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New Study Suggests Lutein and Zeaxanthin Are Important for Eye Health

The Age-Related Eye Disease Study (AREDS) examined the effect of a combination of antioxidants and zinc (specifically, 500 mg vitamin C, 400 IU vitamin E, 15 mg beta-carotene, 80 mg of zinc as zinc oxide, and 2 mg of copper as cupric oxide) on age-related macular degeneration (AMD). The study found that high levels of antioxidants and zinc significantly reduced the risk of AMD.

In a second study (AREDS2), researchers wanted to see if adding the carotenoids lutein and zeaxanthin, as well as omega-3s would further enhance those results. Previous research has shown them to be effective at reducing the risk of AMD. The researchers found that participants with low dietary intakes of these nutrients saw a 26% reduction in progression to advanced AMD.

Participants in the AREDS2 study included 4,203 individuals between the ages of 50 and 85 who were at risk of advanced AMD. All of the participants took the original AREDS formula or a variation that included no beta carotene, a small dose of zinc, or a combination of the two. Additionally, they also took either 10 mg of lutein with 2 mg of zeaxanthin, 350 mg DHA with 650 mg EPA, a combination of the two, or a placebo.

At the conclusion of the study, 1,608 participants had at least one case of advanced AMD. The researchers concluded that the likelihood of developing advanced AMD in 5 years was 31% for the placebo group, 29% for the lutein and zeaxanthin group, 31% for the omega-3 group, and 30% for the combination group.

When the researchers examined the group of individuals with the lowest dietary intake of lutein and zeaxanthin, they found significant benefits. Specifically, a 26% reduction in progression to advanced AMD. This is especially important because the majority of Americans do not get enough lutein and zeaxanthin in their daily diets.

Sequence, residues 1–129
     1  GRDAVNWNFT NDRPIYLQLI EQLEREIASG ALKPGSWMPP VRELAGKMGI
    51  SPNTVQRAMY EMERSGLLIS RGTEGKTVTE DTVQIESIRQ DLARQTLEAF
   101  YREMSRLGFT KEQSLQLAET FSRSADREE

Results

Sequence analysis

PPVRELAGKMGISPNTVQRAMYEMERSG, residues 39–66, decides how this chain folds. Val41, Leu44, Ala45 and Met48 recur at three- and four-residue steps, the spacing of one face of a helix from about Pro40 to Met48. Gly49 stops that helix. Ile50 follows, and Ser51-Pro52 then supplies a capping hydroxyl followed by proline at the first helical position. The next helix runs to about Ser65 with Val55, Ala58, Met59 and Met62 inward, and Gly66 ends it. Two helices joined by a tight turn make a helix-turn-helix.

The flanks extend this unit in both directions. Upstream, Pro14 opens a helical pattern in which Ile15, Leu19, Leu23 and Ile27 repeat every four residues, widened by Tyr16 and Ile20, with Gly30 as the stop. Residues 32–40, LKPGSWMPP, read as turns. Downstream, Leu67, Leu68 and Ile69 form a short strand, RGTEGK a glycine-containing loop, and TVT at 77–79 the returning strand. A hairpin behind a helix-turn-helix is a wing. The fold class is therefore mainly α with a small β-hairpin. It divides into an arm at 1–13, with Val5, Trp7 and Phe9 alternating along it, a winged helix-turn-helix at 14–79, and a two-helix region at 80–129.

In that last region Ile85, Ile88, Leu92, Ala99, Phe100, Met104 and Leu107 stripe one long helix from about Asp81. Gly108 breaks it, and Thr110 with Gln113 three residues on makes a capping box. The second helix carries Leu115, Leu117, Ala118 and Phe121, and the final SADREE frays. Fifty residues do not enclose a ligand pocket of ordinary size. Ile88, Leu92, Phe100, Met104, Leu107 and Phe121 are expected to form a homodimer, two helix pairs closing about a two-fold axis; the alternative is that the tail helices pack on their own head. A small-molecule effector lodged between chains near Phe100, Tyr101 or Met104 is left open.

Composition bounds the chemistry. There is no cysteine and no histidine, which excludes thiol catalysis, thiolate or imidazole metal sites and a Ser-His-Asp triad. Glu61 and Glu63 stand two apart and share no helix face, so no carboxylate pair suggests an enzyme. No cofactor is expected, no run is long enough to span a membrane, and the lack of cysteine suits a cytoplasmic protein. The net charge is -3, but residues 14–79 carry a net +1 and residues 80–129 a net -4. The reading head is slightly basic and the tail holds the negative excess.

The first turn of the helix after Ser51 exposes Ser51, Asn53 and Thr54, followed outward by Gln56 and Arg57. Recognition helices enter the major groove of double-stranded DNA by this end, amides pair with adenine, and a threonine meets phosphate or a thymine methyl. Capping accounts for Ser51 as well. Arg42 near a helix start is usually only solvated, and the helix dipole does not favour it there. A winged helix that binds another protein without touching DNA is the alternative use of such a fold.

There was no noted effect on cataracts in the group at large, but when the researchers examined the lowest dietary intake group, they found a 36% reduction in cataract surgery, a 30% reduction in any cataract, and a 31% reduction in severe cataracts in the individuals taking lutein and zeaxanthin.

The researchers also noted higher incidences of lung cancer in the beta-carotene group, compared with the non-beta carotene group. Additionally, they found that beta-carotene decreased the serum levels of lutein and zeaxanthing, leading them to beta-carotene be removed from the AREDS supplement.

Researchers from the AREDS2 Research Group conducted the study. It was published online ahead of print on May 5, 2013, in the Journal of the American Medical Association.

Lutein is one of only two carotenoids that can build macular pigment. The other is zeaxanthin. Lutein and zeaxanthin create the yellow pigmentation of the macula, which is the part of the eye that provides protection from damaging blue light. If the yellow macular pigment is too thin, blue light can penetrate the retina and cause long term damage.

You can increase your lutein levels by consuming more green vegetables, corn, and egg yolk.

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